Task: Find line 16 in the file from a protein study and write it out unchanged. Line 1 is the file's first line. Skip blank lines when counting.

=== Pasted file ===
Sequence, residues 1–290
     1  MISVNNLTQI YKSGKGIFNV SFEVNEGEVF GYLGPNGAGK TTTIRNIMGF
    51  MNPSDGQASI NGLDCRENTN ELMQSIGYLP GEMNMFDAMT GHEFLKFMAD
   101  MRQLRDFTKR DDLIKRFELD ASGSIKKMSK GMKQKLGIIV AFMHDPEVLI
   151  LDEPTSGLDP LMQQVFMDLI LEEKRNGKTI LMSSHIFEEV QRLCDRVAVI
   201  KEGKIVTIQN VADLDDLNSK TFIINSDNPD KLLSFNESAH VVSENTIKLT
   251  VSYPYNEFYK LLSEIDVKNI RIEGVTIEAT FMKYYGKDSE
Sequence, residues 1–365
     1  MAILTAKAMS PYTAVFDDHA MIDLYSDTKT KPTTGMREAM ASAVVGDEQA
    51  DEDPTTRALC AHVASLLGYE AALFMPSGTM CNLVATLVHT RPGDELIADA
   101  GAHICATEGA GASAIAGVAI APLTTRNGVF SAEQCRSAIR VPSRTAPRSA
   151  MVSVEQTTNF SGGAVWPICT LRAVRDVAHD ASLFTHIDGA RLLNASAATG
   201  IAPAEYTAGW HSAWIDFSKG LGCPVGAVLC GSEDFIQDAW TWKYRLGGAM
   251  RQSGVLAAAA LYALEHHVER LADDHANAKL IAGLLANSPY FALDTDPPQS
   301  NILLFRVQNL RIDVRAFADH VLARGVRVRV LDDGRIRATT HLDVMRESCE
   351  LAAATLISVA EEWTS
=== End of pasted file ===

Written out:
   351  LAAATLISVA EEWTS